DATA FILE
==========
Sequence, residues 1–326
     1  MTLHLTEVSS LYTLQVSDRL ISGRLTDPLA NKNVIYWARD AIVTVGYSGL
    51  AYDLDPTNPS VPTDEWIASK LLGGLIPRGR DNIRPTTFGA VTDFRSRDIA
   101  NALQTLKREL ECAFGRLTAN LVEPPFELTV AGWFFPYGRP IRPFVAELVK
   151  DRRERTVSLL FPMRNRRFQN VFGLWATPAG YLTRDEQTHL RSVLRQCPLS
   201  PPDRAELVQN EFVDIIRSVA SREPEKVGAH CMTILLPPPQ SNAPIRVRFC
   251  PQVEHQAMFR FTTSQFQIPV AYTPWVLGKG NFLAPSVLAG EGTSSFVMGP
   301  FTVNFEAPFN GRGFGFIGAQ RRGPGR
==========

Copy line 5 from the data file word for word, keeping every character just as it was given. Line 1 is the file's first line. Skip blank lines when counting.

   151  DRRERTVSLL FPMRNRRFQN VFGLWATPAG YLTRDEQTHL RSVLRQCPLS